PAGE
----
By GlobalReach Technology’s Chief Security Officer, Dr Chris Spencer.
Something important happened in the world of Wi-Fi captive portals earlier this month. In fact, the dedicated Internet Engineering Task Force (IETF) CAPPORT working group has now closed because its work has been completed with the ratification of the CAPPORT API, RFC7710, and RFC8952 (the new captive portal standards).
This new captive portal API gives Wi-Fi access points a reliable way to ‘advertise’ themselves as captive portals, making it easier for users to find information including their session and venue information, and to maintain a connection with the service provider or brand. It’s based on IETF specifications that describe how these networks should be set up in order to be identified.
Android 11 Beta 2 was the first operating system to use this new captive portal API back in the summer. Apple has now also confirmed that iOS14 and macOS Big Sur will adopt this standard and although not generally available, the API ratification signals the start of adoption across all the major operating systems.
If you run a captive Wi-Fi network, or if you build captive network solutions, it’s important to start updating to this new standard.
Why is the CAPPORT API needed?
Logging on to public Wi-Fi in a coffee shop or shopping centre using a captive portal is a familiar process. But problems can start as we try to get online, or if the captive portal fails to load. The experience is also far from smooth if we want to return to the login page at a later time, find the website to use to reaccept T&Cs, backtrack and find the venue’s original portal page to check our data allowance, or change services.
For the cafe, train operator, stadium or retailer operating the Wi-Fi service, this can damage the user experience, and is a barrier to communicating with customers who are on-site using the venue’s branded Wi-Fi service.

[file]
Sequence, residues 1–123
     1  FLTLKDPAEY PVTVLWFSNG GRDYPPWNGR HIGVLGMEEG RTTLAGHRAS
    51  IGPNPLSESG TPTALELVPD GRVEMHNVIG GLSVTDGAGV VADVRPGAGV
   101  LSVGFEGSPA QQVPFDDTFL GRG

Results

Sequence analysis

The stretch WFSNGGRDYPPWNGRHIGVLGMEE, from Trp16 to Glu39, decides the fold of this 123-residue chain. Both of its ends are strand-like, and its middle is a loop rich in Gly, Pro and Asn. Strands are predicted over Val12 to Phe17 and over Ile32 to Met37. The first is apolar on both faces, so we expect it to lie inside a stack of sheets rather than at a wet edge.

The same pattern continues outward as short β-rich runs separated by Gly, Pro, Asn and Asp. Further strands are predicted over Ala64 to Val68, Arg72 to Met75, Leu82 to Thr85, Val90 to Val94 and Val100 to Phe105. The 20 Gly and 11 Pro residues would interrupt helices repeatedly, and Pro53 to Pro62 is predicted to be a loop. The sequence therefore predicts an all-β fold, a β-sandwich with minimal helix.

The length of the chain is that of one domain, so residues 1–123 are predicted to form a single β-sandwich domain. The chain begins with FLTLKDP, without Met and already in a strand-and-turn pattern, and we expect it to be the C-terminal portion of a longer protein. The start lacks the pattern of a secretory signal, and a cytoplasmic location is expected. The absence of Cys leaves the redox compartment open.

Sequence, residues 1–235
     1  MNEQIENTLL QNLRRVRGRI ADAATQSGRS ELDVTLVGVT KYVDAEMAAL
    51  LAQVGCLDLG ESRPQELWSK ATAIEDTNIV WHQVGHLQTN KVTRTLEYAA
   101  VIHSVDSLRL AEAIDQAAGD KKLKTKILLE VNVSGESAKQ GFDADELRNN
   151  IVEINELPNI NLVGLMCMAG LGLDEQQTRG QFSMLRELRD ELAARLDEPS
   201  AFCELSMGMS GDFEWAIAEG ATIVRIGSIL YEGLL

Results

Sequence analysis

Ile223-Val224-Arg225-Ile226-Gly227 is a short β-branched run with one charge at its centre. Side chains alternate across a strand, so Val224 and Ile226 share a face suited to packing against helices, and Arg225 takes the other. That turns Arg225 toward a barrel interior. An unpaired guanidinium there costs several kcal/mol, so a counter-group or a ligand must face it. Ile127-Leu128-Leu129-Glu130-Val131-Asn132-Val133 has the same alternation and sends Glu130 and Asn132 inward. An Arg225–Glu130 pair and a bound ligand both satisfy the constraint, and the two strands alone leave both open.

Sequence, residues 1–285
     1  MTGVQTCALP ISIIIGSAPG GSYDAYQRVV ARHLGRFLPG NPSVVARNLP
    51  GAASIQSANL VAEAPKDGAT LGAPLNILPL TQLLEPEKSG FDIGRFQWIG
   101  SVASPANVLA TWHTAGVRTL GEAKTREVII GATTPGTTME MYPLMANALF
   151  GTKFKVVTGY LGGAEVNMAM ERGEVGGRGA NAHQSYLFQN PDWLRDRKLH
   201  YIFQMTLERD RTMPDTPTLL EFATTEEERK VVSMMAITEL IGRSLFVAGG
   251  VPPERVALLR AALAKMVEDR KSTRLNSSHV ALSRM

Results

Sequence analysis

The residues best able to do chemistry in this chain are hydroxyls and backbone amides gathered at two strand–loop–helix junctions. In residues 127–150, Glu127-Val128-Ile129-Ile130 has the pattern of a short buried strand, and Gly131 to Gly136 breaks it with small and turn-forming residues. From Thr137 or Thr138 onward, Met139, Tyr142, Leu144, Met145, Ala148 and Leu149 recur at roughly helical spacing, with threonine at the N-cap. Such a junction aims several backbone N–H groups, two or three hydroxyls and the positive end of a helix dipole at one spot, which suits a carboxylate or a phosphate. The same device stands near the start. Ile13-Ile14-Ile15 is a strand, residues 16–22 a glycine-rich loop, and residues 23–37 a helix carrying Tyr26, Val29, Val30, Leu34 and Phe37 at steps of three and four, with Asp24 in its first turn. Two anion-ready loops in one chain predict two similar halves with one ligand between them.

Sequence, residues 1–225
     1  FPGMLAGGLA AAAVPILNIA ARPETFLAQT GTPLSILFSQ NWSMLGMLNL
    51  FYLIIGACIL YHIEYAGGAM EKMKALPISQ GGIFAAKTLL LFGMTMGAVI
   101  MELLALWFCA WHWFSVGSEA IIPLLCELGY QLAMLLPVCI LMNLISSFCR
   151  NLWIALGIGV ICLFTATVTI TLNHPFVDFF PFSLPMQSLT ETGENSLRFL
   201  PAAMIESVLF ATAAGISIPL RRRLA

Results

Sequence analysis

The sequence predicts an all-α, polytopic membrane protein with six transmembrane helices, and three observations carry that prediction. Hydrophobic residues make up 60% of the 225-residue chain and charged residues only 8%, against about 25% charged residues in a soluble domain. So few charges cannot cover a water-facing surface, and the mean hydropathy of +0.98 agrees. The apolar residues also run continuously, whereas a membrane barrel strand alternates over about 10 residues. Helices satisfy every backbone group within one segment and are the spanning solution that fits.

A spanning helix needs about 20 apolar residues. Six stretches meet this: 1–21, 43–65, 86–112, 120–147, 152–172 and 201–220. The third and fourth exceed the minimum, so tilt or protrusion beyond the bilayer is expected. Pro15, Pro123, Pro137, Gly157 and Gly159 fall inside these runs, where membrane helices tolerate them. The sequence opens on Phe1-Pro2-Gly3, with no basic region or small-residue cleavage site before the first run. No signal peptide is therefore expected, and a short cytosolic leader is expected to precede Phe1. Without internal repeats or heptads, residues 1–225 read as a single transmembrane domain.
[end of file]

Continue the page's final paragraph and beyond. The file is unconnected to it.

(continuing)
Behind these problems is the way that captive portals have traditionally intercepted the user authentication request and redirected it to a login web page. When these HTTPS requests are accepted they can result in a client error. We’ve all been on the receiving end of those frustrating security and privacy alerts telling us to return to a ‘safe’ network. When we want to get online, this is a frustrating problem and can damage the brand experience.
The good news if you’re providing guest Wi-Fi is that this new API makes the user journey smoother and more consistent.
What does the CAPPORT API change?
When a user authenticates, the new API provides their device with an address via Dynamic Host Configuration Protocol (DHCP). This allows the network to advertise that it is ‘captive’ , instead of the previous traffic interception process.
This triggers the device to query the captive portal URL and provide a true or false response. If true, the correct URL loads. If false, the user is sent directly to the internet.
What is Venue URL?
When the user connects (either manually by selecting the SSID or automatically on Passpoint-enabled networks) they’ll see an on-screen message like a text alert. The user doesn’t need to do anything and can easily swipe this away.
So what’s the benefit?
So long as the user is connected to the venue’s Wi-Fi service, the message remains on their lock screen and message history, making it much easier to find the venue’s captive portal. Previously, once users went past the captive portal there was no way to return.
Imagine a real-life use case on an airplane where seatback screens are being removed in favour of passengers using their own devices. This new ‘Venue URL’ makes it much easier for users to locate the home page, search the internet or choose a new movie to watch.
Cue warm and fuzzy feelings about the Wi-Fi service provider, and a more pleasant flight.
If you’re a public Wi-Fi service provider or venue, this has created a new high-value way to engage with users. The one-time message is controlled at the network level and protects the user experience, stopping the type of spam that can happen with text marketing. Venues determine the page that users are sent to, and have complete control over the page content. Depending on the type of venue, the possibilities, are endless.
Alongside Wi-Fi session information, a retailer could use this page to deliver offers and local promotions. The page can point to safety advice such as first aid or water points at a festival or large outdoor event. For smart city networks that we know are used by, among others, homeless residents, the page can direct them to public services and advice.
While encouraging venues to update their Wi-Fi services to the new standard to advertise their captive portals, Android and Apple are watching to see how the new feature is used. It’s not outside the bounds of possibility that they may allow networks more control over message content in the future.
GlobalReach Technology is an expert in building public Wi-Fi services and can help you to build your user experience using our Wi-Fi management platform. Talk to our team who can advise on captive portal best practices, including CAPPORT implementation.